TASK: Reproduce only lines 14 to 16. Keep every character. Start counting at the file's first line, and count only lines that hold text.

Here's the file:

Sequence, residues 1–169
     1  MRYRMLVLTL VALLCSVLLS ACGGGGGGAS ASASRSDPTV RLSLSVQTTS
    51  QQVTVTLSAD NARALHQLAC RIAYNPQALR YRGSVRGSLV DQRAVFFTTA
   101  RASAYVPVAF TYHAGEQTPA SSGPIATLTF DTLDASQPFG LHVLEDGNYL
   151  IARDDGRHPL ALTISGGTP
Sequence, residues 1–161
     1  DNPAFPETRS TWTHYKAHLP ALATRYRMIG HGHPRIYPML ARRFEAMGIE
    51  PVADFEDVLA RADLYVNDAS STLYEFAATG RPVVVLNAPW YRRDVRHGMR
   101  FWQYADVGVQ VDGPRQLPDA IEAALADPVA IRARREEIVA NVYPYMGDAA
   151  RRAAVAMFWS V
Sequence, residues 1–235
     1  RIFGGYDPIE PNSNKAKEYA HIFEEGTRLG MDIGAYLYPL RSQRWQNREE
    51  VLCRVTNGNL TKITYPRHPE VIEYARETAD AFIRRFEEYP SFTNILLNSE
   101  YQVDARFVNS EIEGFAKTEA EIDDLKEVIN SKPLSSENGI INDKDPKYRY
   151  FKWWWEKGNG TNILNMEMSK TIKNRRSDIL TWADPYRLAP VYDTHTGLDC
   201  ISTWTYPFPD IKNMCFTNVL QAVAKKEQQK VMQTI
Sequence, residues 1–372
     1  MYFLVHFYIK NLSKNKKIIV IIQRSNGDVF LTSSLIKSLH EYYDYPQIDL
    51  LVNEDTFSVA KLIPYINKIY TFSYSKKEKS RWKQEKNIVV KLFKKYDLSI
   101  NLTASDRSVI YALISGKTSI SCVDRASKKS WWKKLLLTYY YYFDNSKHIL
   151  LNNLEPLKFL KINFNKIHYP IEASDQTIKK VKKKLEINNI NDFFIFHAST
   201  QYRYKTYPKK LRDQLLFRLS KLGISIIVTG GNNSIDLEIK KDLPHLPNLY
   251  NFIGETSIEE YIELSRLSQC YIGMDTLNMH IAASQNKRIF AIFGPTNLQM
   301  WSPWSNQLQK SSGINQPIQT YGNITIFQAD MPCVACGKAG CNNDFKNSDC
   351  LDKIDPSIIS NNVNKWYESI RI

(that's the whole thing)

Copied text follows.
   101  YQVDARFVNS EIEGFAKTEA EIDDLKEVIN SKPLSSENGI INDKDPKYRY
   151  FKWWWEKGNG TNILNMEMSK TIKNRRSDIL TWADPYRLAP VYDTHTGLDC
   201  ISTWTYPFPD IKNMCFTNVL QAVAKKEQQK VMQTI